Rockies prospect has spleen removed to speed up recovery
DENVER (AP) — Colorado Rockies prospect David Dahl elected to have surgery to remove his spleen so he could speed up his return to the field following an outfield collision.
The center fielder for Double-A New Britain crashed into his second baseman while trying to make a running catch on a blooper during a game Thursday in New Britain, Connecticut. He then had surgery to repair his spleen.
Had he waited for it to heal, Dahl would’ve more than likely missed the rest of the season.
By having the spleen removed in a procedure Monday, Dahl may return in four to six weeks. His Agent, Adam Karon, said he spoke with the family and that “everything went according to plan” with the surgery.
“The question was: Are you thinking this through and making a wise choice that can affect the rest of your life? In his case, there wasn’t a question. He wanted it done,” Karon said in a phone interview. “To him, it was something he was willing to tackle in exchange to play again this year.”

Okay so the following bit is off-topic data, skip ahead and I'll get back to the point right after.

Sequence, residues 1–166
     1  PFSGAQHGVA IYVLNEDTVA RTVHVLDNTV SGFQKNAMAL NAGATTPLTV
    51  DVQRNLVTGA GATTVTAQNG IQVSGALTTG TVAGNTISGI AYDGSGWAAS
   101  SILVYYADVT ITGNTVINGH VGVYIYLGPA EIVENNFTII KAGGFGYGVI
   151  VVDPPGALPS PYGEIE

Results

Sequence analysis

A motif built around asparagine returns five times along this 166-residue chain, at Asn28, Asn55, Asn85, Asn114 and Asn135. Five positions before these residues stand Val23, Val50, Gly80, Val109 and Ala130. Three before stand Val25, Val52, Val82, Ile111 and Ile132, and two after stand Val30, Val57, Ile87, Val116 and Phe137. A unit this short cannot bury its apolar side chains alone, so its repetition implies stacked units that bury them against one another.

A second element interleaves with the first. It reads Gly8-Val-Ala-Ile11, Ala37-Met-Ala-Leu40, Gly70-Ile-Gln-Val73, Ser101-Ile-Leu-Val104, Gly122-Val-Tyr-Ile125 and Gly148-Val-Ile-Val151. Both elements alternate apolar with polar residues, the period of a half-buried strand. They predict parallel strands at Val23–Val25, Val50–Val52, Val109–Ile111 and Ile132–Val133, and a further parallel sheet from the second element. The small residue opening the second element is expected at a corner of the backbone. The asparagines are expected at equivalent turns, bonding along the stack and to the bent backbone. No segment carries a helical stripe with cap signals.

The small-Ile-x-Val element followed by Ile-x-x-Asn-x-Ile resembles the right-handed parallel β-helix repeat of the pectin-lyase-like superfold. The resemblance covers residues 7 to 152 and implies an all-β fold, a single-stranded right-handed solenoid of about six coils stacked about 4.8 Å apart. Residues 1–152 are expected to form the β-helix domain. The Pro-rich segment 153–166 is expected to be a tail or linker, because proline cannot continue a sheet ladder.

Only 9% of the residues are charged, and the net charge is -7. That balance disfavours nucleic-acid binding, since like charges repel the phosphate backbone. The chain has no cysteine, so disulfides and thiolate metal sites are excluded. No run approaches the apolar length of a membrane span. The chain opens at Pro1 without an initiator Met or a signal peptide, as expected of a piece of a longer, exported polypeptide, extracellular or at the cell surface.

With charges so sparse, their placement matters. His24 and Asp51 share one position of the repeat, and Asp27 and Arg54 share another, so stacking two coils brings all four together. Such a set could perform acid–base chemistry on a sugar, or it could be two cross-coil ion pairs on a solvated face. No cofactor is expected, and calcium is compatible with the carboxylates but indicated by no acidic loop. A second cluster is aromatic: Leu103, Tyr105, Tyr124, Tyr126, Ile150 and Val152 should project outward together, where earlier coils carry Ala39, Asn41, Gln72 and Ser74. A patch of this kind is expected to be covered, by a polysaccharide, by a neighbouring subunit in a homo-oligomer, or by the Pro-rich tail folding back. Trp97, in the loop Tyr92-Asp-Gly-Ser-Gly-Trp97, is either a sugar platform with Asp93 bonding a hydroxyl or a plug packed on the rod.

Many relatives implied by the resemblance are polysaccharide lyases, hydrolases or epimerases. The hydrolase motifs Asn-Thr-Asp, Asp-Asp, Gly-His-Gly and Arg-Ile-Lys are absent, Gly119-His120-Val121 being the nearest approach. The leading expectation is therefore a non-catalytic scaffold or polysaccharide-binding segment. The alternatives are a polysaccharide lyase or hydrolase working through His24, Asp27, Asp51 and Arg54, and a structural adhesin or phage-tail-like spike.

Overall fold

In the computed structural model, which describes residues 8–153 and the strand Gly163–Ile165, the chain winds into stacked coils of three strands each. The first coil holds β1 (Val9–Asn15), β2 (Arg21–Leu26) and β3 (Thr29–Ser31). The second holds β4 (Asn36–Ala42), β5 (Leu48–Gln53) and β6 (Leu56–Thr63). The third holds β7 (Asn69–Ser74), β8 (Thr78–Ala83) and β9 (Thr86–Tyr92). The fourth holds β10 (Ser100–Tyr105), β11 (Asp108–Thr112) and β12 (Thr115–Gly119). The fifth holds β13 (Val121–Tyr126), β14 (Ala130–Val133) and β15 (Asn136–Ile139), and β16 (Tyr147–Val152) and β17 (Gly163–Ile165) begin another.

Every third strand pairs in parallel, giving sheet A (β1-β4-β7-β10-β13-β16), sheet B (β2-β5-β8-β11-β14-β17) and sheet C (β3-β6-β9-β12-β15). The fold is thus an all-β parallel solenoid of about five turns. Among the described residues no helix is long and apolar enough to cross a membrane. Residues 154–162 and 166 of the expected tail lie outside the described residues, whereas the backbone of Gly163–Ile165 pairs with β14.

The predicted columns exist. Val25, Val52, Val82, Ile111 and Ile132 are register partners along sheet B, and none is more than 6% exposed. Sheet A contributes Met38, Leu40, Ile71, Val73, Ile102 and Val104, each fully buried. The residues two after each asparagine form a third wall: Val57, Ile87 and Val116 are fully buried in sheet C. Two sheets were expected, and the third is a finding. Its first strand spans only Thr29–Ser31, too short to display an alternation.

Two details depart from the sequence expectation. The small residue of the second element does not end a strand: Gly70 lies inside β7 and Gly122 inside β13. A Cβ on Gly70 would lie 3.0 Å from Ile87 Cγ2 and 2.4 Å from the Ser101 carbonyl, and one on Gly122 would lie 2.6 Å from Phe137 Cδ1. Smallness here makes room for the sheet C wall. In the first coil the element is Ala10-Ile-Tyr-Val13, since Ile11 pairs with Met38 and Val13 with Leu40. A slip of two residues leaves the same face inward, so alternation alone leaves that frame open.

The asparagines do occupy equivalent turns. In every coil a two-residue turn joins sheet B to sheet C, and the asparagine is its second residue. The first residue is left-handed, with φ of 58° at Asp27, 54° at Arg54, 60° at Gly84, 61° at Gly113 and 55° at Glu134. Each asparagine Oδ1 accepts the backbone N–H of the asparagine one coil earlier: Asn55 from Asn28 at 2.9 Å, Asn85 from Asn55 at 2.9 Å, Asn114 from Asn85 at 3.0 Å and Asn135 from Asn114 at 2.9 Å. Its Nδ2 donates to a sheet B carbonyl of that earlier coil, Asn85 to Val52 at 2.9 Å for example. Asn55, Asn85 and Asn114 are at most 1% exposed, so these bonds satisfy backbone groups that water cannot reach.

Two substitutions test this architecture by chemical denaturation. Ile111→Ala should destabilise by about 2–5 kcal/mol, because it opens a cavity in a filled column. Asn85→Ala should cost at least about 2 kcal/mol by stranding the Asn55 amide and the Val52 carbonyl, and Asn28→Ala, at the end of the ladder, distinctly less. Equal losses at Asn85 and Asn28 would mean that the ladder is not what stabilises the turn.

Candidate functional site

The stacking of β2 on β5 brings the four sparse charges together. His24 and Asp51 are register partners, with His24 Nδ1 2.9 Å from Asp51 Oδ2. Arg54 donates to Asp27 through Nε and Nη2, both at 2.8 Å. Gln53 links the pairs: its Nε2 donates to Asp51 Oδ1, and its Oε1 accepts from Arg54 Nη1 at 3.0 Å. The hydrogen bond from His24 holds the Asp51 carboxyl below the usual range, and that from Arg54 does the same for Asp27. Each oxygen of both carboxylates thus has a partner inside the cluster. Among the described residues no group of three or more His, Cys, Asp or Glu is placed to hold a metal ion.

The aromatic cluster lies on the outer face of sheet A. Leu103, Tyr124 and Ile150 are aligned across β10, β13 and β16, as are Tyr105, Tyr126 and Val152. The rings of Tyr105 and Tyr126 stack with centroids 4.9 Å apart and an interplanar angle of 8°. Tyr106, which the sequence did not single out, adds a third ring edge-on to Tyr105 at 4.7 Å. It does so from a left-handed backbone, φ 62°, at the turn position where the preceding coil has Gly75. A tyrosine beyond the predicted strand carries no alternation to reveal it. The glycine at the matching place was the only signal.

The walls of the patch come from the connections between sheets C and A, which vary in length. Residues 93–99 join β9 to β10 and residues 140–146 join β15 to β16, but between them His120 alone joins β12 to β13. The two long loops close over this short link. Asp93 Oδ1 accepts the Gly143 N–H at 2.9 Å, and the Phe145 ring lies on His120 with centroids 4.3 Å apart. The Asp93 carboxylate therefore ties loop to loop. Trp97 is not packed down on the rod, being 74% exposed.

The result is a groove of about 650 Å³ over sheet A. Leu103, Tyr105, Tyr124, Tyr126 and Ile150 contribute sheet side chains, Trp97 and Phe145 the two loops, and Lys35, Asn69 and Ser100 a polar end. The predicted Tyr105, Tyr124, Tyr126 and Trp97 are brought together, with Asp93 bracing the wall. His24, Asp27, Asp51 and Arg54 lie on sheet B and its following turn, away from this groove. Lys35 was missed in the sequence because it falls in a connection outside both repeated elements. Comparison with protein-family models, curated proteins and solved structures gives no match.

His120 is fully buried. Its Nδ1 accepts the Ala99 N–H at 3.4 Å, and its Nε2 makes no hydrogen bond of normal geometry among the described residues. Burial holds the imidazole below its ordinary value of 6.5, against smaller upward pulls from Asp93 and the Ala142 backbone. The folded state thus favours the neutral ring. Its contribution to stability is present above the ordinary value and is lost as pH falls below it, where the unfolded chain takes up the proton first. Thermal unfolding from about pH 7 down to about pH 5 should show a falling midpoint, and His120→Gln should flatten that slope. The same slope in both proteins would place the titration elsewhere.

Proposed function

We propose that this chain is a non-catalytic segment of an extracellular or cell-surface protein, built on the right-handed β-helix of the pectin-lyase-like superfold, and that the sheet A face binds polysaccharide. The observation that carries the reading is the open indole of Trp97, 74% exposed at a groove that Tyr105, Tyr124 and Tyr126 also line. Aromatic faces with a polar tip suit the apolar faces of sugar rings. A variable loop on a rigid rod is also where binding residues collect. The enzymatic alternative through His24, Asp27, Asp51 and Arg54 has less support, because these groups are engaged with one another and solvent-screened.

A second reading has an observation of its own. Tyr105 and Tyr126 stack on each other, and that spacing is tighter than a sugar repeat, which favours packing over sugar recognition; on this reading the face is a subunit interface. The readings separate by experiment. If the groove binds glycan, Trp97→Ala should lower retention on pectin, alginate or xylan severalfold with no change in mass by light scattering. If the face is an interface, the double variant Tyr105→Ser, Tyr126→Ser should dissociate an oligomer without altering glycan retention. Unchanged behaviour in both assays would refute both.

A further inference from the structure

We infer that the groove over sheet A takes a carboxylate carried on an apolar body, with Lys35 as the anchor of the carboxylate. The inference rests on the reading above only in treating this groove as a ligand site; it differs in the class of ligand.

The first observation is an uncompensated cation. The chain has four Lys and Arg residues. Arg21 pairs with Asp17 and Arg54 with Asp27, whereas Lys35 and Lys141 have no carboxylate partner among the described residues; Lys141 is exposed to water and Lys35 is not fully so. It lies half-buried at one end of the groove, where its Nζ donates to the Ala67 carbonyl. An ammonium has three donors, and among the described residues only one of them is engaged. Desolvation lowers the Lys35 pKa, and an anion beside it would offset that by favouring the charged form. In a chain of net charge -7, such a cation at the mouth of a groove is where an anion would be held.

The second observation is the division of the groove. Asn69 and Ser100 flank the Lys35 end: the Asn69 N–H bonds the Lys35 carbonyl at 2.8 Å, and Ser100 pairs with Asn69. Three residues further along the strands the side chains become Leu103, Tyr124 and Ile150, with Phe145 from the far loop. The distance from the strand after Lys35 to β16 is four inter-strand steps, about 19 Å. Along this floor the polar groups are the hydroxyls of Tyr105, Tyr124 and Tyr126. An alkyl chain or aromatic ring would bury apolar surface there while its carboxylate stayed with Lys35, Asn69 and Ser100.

The Rockies fully supported the decision made by Dahl, who was selected by the organization with the 10th overall pick in 2012.
“In talking to David and our medical team — and really making sure we all got on the same page with what was best for David — this is the decision we came to,” said Zach Wilson, the senior director of player development for the Rockies. “It’s the right choice for his career and also his life.
“There’s no doubt in my mind he’ll be back and better than ever, playing the way he’s accustomed to playing,” Wilson added.
Karon said there were dangers even if Dahl returned with a repaired spleen, especially given Dahl’s go-for-everything nature in the outfield.
“You play with a previous lacerated spleen, you could hurt it again running into the wall or a teammate,” he explained.
Without his spleen, Dahl will need a regular series of vaccinations to avoid infection.
In 2013, Dahl missed all but 10 games with Class-A Asheville because of a leg injury. He bounced back by hitting a combined .299 in 2014 as he split time between Asheville and High-A Modesto.
He was hitting .269 with three homers for the Rock Cats when he got hurt. He was racing in to make a sliding catch when he crashed into second baseman Juan Ciriaco. Dahl stayed down for several moments before being taken to a hospital.
“The kid has worked so hard the last two offseasons,” Karon said. “He’s incredibly tough.”
Rockies shortstop Troy Tulowitzki said he texted Dahl and wished him a quick recovery.
“I know how tough injuries can be and I told him to hang in there and do what he could,” Tulowitzki said.